SXSW 2014 No. 5: Austin Film Festival Party, Gannett Party and more
SXSW 5.1 It’s hard to overestimate the importance of events such as Austin Film Festival’s party during SXSW at Star Bar. Attending are mostly locals, or locals-adjascent. The mood is supremely laid back, contrasting with the unholy crush at some SXSW parties. Simon Quiroz and Paula Brooks told me about their new film, “Cagers,” while Cole Dabney introduced his friends, lawyer-in-waiting Jordan McDonald and movie industry freshman Blake Newcomb (“I see a lot more weird things in Austin than in L.A.”). Among the other friendly faces with news to impart belonged to film maker Micah Barber (“Into the Who Knows”), budding screenwriter Maya Perez (now at the Michener School) and public relations sage Cile Montgomery, along with politicos Elliott Naishtat and Steve Scheibal. (Grand way to start SXSW Sunday.)
SXSW 5.2: Searsucker makes a swell SXSW party venue. Gannett, the many-headed media giant, sponsored a retreat there, with savory treats and studied drinks. I bumped into R.J. Fenn, Andy Tarradah and Lindsey Eckwall from DDB, a New York City ad agency. Nominally, they were here for SXSW Interactive. Yet, like your correspondent, they preferred to take in the city and its social scene rather than sit in dark rooms listening to panels and keynote speakers. Can’t blame ‘em. Local media bigwigs abounded. Also found out from Brenden Dutton, GM of Searsucker, that the eatery is doing land-office business, often because of rentals like this one. (I remain fond of chef Brian Malarkey’s Austin colony.)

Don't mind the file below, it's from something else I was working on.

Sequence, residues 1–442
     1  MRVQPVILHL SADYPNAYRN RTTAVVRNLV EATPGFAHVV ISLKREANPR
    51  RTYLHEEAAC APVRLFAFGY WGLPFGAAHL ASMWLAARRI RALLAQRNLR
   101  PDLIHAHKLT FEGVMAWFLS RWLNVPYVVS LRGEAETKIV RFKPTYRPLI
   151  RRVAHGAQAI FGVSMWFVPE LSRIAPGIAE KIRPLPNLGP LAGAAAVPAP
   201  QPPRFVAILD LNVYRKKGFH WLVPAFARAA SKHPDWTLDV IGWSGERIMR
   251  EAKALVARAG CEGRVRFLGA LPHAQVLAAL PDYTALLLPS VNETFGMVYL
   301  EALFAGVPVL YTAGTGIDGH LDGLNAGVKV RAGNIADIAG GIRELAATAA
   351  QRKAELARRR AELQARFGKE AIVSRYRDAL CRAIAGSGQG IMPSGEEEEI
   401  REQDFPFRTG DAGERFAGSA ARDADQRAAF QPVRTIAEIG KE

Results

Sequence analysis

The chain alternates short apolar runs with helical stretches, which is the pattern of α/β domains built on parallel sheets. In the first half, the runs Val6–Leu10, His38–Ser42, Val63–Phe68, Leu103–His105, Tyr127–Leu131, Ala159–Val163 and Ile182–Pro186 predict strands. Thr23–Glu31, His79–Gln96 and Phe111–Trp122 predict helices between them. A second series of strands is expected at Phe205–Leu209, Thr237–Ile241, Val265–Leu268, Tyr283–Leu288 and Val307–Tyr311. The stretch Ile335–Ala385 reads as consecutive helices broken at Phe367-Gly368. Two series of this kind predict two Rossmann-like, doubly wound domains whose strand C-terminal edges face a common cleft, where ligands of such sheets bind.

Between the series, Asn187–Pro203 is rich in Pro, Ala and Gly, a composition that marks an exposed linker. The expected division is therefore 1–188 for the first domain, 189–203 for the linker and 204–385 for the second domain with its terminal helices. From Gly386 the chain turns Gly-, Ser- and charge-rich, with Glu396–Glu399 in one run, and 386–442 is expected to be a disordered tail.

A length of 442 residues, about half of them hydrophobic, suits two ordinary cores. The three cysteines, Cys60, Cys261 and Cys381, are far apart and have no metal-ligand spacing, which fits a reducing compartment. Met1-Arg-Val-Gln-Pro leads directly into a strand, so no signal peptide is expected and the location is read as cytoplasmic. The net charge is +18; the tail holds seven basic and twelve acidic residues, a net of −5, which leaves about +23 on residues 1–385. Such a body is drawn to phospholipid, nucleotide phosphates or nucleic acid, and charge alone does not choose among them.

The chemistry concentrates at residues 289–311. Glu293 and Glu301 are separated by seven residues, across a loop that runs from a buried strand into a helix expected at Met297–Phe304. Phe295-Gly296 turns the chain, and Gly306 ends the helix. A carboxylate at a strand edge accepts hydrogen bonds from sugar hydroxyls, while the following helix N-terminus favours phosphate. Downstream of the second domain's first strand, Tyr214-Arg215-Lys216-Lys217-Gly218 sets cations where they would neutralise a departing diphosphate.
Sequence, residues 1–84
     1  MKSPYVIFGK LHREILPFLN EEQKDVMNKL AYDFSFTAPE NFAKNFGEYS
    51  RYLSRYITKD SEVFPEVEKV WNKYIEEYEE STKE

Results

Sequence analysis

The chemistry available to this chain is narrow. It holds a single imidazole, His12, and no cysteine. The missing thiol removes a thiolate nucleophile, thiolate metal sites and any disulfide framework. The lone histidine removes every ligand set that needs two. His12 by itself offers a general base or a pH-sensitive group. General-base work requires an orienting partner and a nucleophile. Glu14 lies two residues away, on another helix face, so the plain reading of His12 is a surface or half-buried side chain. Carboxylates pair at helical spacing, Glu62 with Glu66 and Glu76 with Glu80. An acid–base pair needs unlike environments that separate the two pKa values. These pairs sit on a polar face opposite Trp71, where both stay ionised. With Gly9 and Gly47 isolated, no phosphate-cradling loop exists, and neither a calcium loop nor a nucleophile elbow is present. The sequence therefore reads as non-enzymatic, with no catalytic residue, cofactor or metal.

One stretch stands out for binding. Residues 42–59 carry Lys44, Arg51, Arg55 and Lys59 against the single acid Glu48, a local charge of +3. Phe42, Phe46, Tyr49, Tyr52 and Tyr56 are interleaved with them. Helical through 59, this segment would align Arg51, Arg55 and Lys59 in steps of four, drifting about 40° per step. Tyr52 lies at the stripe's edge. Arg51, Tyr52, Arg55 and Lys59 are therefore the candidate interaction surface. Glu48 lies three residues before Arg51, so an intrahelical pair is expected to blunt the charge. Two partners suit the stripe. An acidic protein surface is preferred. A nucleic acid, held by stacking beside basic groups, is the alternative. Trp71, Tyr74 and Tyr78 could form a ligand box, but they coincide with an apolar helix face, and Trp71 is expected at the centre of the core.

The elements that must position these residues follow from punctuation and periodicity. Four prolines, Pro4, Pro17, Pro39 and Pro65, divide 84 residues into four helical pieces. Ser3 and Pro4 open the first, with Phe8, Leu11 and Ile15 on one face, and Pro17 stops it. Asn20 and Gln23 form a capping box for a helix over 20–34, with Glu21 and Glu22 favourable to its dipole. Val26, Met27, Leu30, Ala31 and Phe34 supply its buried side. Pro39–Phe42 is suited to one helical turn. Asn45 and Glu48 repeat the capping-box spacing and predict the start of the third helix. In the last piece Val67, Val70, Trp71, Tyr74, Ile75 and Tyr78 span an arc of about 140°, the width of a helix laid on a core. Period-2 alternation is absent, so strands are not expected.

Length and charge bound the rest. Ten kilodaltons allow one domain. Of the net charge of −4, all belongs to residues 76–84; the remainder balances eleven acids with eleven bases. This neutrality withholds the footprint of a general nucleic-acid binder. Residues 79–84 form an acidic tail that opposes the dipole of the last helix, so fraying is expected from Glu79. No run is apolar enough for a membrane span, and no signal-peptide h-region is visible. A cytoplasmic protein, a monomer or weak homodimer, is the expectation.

SXSW 5.3: The Year of the RSVP. In the distant past, a SXSW badge and a discreet email of intention guaranteed admission to many of the festival’s numerous parties. No longer. In part because so many popular events are oversubscribed, one must not only confirm attendance in advance, but also produce proof of that confirmation at the door. This state of affairs is complicated by the ubiqutious digital invitation, which one must brandish from one’s mobile devices. Even that proof might not work. Behind the short velvet ropes are flustered volunteers checking and re-checking lists, then comparing names against one’s badge and photo ID. The practice rises to an absurd level when a doorkeeper distinguishes, as happened at one SXSW Malverde reception, among the hosts who might have invited you, then says you are welcome to wait around a half hour for the one-in, one-out stage. This, at a party with absolutely nobody in line. No party’s worth that. (And there are so many other options.)
Correction: An earlier headline for this post inaccurately identified the Austin Film Festival party.